Indonesia’s fashion e-commerce startup Sorabel is shutting down its operations by the end of July after struggling to stay afloat amid the COVID-19 pandemic, an investor in the startup confirmed to DealStreetAsia.
The development was first reported by Daily Social, which cited an internal employee memo.
In a letter to Sorabel employees, the company said it had done its best to save the business but was left with no choice but to close down. “Due to this liquidation process, we have to terminate employment contracts with no exception, effective July 30. I am certain that no one would ever expect this to happen,” the letter, quoted by Daily Social, said.
The COVID-19 crisis proved to be the undoing of fashion e-commerce startups as it brought impulse spending to a near halt. “Fashion e-commerce is impacted in general as people don’t need to buy so much these days. Groceries and home appliances are catching more attention online,” an executive at a Southeast Asian venture capital firm said.
DealStreetAsia has reached out to Sorabel for comment.
A source close to the company said Sorabel had lined up financing to sustain operations when the coronavirus crisis hit, causing investors in its upcoming round to withdraw term sheets. Unable to steer operations, CEO Jeff Yuwono offered to step down from the firm and tendered his resignation in June, we understand. The company’s CFO and board have been managing operations since then.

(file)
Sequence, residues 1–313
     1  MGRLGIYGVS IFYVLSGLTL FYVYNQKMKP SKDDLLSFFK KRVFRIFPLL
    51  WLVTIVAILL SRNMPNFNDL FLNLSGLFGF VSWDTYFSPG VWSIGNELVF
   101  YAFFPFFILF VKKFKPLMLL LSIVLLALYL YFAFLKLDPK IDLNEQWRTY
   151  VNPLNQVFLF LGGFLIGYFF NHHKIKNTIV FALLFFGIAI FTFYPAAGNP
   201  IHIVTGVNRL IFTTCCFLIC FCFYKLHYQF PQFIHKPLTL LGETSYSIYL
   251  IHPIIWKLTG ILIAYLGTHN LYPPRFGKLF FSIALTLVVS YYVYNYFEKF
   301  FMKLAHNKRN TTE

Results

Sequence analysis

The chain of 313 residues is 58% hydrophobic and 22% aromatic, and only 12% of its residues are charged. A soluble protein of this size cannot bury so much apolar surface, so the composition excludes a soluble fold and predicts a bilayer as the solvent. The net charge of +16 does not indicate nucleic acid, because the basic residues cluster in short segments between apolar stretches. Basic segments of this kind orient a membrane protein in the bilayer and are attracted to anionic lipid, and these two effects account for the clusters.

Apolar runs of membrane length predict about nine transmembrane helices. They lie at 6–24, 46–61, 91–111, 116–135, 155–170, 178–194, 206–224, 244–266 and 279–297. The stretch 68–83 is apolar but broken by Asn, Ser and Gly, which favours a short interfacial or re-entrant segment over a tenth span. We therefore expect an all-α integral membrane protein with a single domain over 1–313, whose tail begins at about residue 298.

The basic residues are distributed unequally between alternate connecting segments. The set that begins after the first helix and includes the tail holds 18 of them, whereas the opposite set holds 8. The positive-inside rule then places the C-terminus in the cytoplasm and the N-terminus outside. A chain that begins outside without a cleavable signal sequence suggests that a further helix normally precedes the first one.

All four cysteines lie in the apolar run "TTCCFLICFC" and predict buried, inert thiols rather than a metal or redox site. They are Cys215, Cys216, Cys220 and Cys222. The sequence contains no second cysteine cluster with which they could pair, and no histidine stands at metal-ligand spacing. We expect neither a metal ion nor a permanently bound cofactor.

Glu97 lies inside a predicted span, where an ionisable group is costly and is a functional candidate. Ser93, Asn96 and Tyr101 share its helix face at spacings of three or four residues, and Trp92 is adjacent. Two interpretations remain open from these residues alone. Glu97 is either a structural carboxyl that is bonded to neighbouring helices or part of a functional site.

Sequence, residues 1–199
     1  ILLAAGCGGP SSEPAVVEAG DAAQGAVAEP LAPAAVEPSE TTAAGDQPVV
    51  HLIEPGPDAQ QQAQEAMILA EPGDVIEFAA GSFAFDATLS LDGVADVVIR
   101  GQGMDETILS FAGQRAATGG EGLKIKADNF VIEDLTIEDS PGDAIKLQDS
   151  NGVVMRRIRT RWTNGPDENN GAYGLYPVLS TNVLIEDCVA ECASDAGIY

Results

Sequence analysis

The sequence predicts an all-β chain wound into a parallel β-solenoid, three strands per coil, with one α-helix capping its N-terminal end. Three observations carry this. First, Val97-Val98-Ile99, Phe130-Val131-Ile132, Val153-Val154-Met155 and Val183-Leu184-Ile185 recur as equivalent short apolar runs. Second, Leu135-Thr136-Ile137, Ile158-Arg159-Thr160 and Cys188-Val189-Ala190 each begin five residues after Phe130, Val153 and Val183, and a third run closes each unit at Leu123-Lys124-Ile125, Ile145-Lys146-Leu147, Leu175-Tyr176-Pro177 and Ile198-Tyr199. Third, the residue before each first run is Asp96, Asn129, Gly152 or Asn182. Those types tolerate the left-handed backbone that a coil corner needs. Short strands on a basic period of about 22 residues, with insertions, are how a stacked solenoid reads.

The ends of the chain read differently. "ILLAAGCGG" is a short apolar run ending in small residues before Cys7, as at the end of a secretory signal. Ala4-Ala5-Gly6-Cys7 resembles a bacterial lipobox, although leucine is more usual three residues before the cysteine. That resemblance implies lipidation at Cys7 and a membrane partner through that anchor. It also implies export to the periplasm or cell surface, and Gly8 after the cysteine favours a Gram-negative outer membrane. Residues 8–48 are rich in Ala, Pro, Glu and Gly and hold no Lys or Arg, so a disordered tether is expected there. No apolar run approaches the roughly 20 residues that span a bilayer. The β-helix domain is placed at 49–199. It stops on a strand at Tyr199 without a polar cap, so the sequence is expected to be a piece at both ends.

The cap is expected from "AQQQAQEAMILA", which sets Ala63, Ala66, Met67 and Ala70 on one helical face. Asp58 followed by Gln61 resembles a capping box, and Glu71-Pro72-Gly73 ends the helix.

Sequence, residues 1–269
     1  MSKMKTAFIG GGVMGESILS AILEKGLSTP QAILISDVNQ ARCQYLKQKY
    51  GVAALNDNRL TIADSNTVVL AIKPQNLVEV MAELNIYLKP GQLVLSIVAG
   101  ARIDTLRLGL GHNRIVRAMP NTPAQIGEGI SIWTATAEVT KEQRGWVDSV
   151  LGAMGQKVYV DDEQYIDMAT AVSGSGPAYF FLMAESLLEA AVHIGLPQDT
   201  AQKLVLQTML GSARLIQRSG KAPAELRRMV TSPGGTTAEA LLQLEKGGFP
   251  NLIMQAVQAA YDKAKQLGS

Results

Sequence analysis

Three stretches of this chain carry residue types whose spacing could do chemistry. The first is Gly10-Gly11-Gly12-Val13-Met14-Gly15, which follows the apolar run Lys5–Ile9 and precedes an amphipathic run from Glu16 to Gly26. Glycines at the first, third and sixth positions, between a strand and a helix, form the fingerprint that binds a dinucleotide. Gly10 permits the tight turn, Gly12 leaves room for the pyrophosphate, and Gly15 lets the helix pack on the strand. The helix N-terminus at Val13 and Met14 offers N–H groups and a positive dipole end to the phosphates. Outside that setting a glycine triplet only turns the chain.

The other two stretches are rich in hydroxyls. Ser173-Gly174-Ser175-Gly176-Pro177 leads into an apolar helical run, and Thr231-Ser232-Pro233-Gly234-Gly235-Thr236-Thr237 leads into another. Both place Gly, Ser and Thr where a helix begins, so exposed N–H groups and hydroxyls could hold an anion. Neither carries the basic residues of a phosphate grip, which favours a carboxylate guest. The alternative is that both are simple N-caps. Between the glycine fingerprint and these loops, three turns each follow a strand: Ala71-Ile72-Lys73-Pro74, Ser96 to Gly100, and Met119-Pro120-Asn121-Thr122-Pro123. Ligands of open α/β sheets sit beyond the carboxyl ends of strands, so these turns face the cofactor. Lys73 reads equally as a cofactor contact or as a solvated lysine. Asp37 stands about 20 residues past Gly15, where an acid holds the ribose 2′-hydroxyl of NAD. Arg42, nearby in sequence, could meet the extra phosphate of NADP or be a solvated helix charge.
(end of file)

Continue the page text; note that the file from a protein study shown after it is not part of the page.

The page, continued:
“There are acquisition offers on the table to buy the Sorabel brand, but other parts of the business are likely to be liquidated,” the executive said.
Formerly called Sale Stock in 2014, the firm rebranded to Sorabel, a fashion e-commerce store that sells its private label clothing, in 2019. Its latest financing was a pre-Series C funding from investors including Ncore Ventures.
Sorabel secured its Series B+ funding in mid-2017 when it raised $27 million co-led by Singapore-based Golden Equator Capital and Gobi Partners. The round was joined by SMDV, Alpha JWC, Convergence Ventures, Korea Investment Partners, Openspace Ventures, and MNC Media.
Sorabel CEO Yuwono had earlier said that the firm had positive cash flow, owing to its strategy of producing private labels, which allows it to significantly cut down costs and record a much higher margin per sale.
The firm had previously planned to venture into offline businesses by bringing in third-party brands into its store and a possible expansion into new markets. The firm aimed to expand into the Philippines and the Middle Eastern market, but the COVID-19 outbreak derailed its retail expansion plans in the region.
The startup also faced severe competition from bigger rivals such as Alibaba-backed Lazada, Tokopedia and Shopee. For its fashion products, it operated in the same space as female fashion stores like Berrybenka and Zalora.